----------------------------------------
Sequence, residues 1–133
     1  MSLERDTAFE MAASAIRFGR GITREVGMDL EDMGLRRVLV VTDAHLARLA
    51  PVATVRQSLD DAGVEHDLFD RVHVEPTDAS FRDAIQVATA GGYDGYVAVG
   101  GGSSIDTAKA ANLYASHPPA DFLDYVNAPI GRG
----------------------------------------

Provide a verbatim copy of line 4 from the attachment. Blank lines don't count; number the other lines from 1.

   101  GGSSIDTAKA ANLYASHPPA DFLDYVNAPI GRG